Thibault v. United States, No. 89-C-1036A (D. Utah July 19, 1990) (exhaustion: despite numerous communications between plaintiffs and the IRS, plaintiffs have not exhausted their administrative remedies, and therefore the court lacks jurisdiction).

Vaughn v. HHS, No. 90-0452 (D.D.C. July 3, 1990) (exhaustion: because plaintiff never filed a FOIA request, this case is dismissed for failure to exhaust administrative remedies).

Wachtel v. Office of Thrift Supervision, No. 3-90-0833 (M.D. Tenn. Nov. 20, 1990) (Exemption 5: letter addressing the issue of whether the Federal Home Loan Bank Board (FHLBB) has legal authority to approve an application for acquisition between 2 financial institutions and a cover letter and memorandum about capital maintenance obligations are "far too conclusory" to be considered part of the deliberative process; a memorandum that includes a statement of policy cannot be protected under the deliberative process privilege, but 2 sentences concerning a disagreement as to its utility may be redacted; the deliberative process privilege protects the minutes of a meeting of the Supervisory Policy Committee of the Office of Thrift Supervision (OTS), an opinion letter, an unfinished, incomplete, partially handwritten memorandum, and an issues paper that follows up a policy statement of the FHLBB and contains analysis and recommendations; the deliberative process privilege protects portions of an enforcement memorandum that deal with strategy, while other portions of that memorandum that contain agency policy must be released; the deliberative process and the attorney-client privileges do not protect an inter-office cover memorandum about the use of capital maintenance agreements nor 2 other memoranda about the enforceability of these agreements; the attorney-client privilege does not protect a document that was not supplied to attorneys with the "expectation of secrecy" nor a memorandum that was distributed to other individuals) (Exemption 8: protects portions of a document that contain specific information about 2 financial institutions -- the names of the institutions, the names of their officers and agents, any references to their geographic locations, and specific information about their financial conditions) (FOIA as a discovery tool: a FOIA requester's rights are neither enhanced nor diminished by the fact that the requester is seeking documents for use in litigation) (because the good faith of the OTS has become suspect in the eyes of the court, orders that all nonexempt documents should be released now).

War Babes v. Wilson, 770 F. Supp. 1 (D.D.C. 1990) (Exemption 6: in a unique case in which several British citizens seek information from the United States Government by which they hope to locate 34 former United States servicemen they believe to be their natural fathers, the court, applying Reporters Committee, holds that the disclosure of present addresses of World War II servicemen would not necessarily "constitute a clearly unwarranted invasion of personal privacy"; it would not be unduly burdensome to require the government to contact each of the 18 servicemen for whom current addresses are available to determine whether the disclosure of his address would be offensive to him).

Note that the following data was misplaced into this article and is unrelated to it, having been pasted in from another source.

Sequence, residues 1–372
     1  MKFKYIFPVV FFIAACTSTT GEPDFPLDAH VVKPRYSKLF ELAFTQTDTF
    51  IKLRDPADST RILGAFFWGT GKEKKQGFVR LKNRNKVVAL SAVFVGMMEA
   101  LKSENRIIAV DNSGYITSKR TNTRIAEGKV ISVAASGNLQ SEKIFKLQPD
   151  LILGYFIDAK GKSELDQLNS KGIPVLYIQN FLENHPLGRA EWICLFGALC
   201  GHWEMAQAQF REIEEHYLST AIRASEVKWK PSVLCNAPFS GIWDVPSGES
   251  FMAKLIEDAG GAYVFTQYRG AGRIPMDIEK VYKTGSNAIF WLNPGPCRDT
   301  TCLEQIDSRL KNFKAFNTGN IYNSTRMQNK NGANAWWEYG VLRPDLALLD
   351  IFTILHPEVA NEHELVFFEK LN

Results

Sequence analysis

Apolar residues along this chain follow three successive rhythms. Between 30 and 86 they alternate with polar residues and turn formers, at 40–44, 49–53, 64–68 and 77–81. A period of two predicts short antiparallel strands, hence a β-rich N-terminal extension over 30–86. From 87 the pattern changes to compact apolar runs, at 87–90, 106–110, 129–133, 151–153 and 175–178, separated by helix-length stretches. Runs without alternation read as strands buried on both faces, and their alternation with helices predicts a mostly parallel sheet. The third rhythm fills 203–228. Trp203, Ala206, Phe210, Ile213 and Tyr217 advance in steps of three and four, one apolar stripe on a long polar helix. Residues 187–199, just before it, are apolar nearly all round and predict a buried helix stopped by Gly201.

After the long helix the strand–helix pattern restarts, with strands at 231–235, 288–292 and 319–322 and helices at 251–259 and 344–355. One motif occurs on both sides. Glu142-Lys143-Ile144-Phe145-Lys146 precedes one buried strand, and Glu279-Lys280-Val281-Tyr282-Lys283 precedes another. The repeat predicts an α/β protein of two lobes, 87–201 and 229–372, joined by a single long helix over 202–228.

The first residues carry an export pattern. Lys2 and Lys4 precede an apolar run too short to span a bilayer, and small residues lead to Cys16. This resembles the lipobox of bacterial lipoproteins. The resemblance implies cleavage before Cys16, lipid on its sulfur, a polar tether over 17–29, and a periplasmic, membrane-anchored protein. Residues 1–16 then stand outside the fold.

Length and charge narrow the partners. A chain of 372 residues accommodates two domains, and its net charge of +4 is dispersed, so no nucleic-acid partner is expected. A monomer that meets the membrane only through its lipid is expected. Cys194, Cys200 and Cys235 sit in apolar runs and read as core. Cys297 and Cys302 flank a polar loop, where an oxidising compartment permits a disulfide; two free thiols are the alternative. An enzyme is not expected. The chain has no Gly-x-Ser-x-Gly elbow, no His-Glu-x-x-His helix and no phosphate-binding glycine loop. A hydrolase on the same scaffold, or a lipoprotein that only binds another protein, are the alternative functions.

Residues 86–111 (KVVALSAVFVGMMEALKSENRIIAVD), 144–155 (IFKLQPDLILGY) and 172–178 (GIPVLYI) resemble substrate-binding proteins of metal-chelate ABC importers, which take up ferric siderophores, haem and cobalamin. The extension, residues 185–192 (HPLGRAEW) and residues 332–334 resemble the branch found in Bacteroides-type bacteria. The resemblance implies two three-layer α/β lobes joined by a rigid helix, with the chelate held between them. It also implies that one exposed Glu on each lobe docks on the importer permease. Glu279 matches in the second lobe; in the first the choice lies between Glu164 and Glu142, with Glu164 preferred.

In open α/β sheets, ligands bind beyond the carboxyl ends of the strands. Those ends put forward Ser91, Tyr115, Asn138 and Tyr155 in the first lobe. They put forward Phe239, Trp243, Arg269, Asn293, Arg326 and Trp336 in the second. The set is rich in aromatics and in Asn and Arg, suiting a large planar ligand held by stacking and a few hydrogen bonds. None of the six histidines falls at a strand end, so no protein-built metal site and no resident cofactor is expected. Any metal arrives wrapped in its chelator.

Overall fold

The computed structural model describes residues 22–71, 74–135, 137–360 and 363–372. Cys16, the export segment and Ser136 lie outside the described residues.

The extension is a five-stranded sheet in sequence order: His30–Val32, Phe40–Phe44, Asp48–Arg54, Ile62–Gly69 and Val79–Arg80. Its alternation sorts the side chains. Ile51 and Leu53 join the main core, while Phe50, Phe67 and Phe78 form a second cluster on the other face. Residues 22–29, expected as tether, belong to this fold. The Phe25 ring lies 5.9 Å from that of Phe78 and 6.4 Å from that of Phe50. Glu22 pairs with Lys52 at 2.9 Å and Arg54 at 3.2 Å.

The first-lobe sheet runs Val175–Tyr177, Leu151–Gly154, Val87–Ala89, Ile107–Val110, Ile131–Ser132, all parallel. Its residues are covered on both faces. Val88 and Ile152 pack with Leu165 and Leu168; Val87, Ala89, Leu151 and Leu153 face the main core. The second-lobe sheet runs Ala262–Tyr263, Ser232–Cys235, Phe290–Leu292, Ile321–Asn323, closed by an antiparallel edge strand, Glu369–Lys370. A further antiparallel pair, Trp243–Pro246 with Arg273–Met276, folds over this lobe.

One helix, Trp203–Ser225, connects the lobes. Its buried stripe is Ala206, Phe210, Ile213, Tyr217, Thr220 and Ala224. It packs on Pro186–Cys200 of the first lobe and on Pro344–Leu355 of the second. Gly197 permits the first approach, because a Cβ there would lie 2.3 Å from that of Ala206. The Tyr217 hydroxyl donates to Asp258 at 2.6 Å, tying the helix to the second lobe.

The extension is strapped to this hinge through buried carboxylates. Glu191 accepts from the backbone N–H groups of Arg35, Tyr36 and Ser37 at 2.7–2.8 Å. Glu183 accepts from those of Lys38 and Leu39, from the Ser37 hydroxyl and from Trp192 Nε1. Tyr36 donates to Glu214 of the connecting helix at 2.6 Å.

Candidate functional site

Warmack v. Huff, No. 88-H-1191E (N.D. Ala. May 16, 1990) (magistrate's recommendation) (Exemption 7(D): exemption protects the identities of confidential sources who have testified at trial) (Exemption 7(A): release of information about the multi-defendant criminal case in which plaintiff was involved would impair the government's ability to prosecute 4 fugitives in proceedings in the future) (adequacy of search: agencies need not conduct searches below the headquarters level when FOIA requests fail to specify the field offices that are to conduct the search) (fee waiver (Reform Act): plaintiff has not shown how the release of first-party information is in the public interest) ("reasonably described" records: plaintiff's failure to provide the Parole Commission with his previous register number, dates, and places of confinement would require the agency to conduct an exhaustive and costly search) (Exemption 5: the attorney work-product privilege applies to documents obtained from other sources and agencies in preparation for litigation) (jurisdiction: the court's jurisdiction in FOIA matters is to ensure that defendants have not improperly withheld agency records) (summary judgment: recommends that summary judgment be granted to the defendant because it has sustained their burden of proof that it has not wrongfully withheld documents), adopted (N.D. Ala. Aug. 14, 1990), subsequent order (N.D. Ala. Sept. 4, 1990) (grants plaintiff's request for appointment of counsel on appeal because plaintiff is a pauper and this case involves genuine questions of law concerning the scope of FOIA exemptions).

Wash. Post Co. v. Dep't of Justice, No. 84-3581 (D.D.C. Aug. 2, 1990) (partially grants plaintiff's motion for leave to take discovery of Eli Lilly and Company for information relating to the facts upon which Eli Lilly bases its pending motion for summary judgment concerning whether the requested documents fall within Exemption 7(B) -- discovery is appropriate as to the second prong of the test set forth by the court of appeals).

Wash. Post Co. v. Dep't of State, No. 79-2688 (D.D.C. July 3, 1990) (Exemption 6: applying Reporters Committee, opens discovery for 60 days as to the effect that official confirmation or denial of Dr. Ibrahim Yazdi's alleged American citizenship would have on him).

Williams v. Executive Office for United States Attorneys, No. 89-3071 (D.D.C. Dec. 6, 1990) (denies plaintiff's motion for appointment of counsel, because this FOIA case does not raise novel or exceptionally complex issues and because pro se plaintiff has cited no statute requiring appointment of counsel ("and probably cannot in a FOIA action")).

Williams v. Office of Special Counsel, No. 90-0272 (D.D.C. Dec. 7, 1990) (Exemption 5: witness statements and interviews conducted by the Office of Special Counsel in the course of an investigation are protected by the attorney work-product privilege).

Wis. Project on Nuclear Arms Control v. DOE, No. 90-1432 (D.D.C. Dec. 18, 1990) ("exceptional circumstances"/"due diligence": grants defendant agency's motion for an Open America stay; although the defendant agency may have neglected their statutory responsibilities prior to the filing of this suit, it is now diligently responding to plaintiff's requests) (discovery in FOIA litigation: grants defendant agency's motion for a protective order staying discovery because the factual dispute as to whether defendant was exercising due diligence is irrelevant to the current status of the case).

Wrenn v. Bowen, No. 86-916 (N.D.N.Y. Sept. 27, 1990) (plaintiff's submissions in support of his motion for summary judgment do not adequately challenge the defendant agency's determination that from records concerning their investigation of plaintiff a limited withholding of information under Exemptions 7(C) and 7(D) was necessary).

Other Courts

Maple v. Comm'r, T.C. Memo. 1990-567 (Oct. 30, 1990) (jurisdiction: FOIA matters are within the jurisdiction of the United States District Courts, not the Tax Court).  (posted 10/16/03)

Go to: Main FOIA Post Page // DOJ FOIA Page // DOJ Home Page